Nearly a quarter of New York City’s frontline transit workers may have contracted COVID-19 — and those who took sick likely caught the virus at work, a preliminary survey released Monday by New York University shows.
The researchers received questionnaires from 645 frontline NYC Transit employees, and 24% of them reported a positive COVID-19 diagnosis or antibody test — significantly higher than an assessment released by Gov. Cuomo on May 13, which analyzed antibody tests and found that 14% of transit workers had contracted the disease.
The virus — which has killed at least 131 MTA workers — likely spread quickly within transit workplaces, said Robyn Gershon, the NYU epidemiologist leading the research.
Gershon’s team found that those who contracted the disease did not live in areas with high infection rates, meaning they likely got sick on the job, she said.
“From our New York City data, transit workers were almost twice as likely to be living in a low-risk neighborhood if they were positive, so it looks like it probably was work related,” said Gershon. “We’ll probably never be able to fully tease that apart, but we’re doing more digging.”
Gershon previously headed a probe into the evacuation of the Word Trade Center towers during the 9/11 terror attacks. Her findings led to changes to the city’s fire code — but she fears many transit workers will suffer from PTSD like 9/11 first responders.
“Long-term PTSD is devastating to your life. We followed up with the World Trade Center study 16 years after … and many of them have severe impact,” Gershon said. “They can’t leave their apartments. They can’t work. They’ve gotten divorces. That’s what we don’t want to happen to this group.”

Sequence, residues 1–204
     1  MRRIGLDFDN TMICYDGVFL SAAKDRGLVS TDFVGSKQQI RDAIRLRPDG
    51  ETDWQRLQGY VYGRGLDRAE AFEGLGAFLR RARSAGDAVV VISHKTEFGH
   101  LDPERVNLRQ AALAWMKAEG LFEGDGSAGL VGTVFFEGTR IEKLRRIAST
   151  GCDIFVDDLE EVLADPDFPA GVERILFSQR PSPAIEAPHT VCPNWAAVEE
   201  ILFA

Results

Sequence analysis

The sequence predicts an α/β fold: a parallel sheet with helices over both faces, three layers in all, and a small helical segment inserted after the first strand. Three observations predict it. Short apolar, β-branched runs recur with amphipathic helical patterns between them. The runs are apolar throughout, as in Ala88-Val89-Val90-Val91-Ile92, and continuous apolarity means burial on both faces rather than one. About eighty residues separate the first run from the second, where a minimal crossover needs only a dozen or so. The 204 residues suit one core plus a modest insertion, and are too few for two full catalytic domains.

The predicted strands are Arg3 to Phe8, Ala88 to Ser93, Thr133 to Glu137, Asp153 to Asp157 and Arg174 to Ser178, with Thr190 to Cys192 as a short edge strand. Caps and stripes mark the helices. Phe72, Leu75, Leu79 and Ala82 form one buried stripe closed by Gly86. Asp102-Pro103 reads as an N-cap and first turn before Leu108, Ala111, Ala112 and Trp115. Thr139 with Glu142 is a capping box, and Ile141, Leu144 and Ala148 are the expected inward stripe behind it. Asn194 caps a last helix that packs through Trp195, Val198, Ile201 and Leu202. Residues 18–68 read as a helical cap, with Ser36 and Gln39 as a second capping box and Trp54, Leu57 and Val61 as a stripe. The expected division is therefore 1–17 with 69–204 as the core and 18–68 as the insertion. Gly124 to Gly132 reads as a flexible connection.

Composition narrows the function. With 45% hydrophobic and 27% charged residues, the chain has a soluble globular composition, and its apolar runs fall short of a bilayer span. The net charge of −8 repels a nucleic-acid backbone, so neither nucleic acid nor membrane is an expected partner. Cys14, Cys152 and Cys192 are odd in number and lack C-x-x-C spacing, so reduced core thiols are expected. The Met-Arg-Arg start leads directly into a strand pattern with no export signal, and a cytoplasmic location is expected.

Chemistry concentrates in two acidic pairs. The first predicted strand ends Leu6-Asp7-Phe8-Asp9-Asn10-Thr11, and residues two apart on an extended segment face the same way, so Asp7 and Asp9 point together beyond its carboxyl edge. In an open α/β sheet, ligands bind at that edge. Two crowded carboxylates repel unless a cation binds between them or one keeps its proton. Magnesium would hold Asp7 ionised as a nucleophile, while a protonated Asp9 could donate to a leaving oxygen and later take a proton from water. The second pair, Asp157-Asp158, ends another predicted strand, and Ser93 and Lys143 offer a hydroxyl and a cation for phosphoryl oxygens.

MTA officials said NYU’s findings were merely preliminary. The agency’s data show that just 3,921 — or 7.4% — of the employees at NYC Transit, the agency’s largest subsidiary, caught COVID-19
“If that’s true … that’s much lower than the overall New York City infection rate,” said Gershon. “I’m thinking if people went to their family doctor and got tested maybe the MTA doesn’t know about those.”
MTA spokeswoman Abbey Collins said the survey “is a poll, not a study,” and argued the figures NYU reported were higher because positive cases were self-reported by transit workers.
“We hope any future ‘study’ is based on science, data and facts as the MTA’s highest priority remains the safety of our workforce,” Collins said.
Tony Utano, president of Transport Workers Union Local 100, which represents roughly 40,000 MTA workers and collaborated with NYU on the research, said his members should be given rapid testing to prevent another major outbreak.
“We put the city on our shoulders when the pandemic hit, and we are still carrying it forward. It has been a heavy burden,” said Utano. “We need to stay vigilant and push forward with new and better ways to defend our blue-collar heroes still moving millions of riders a day.”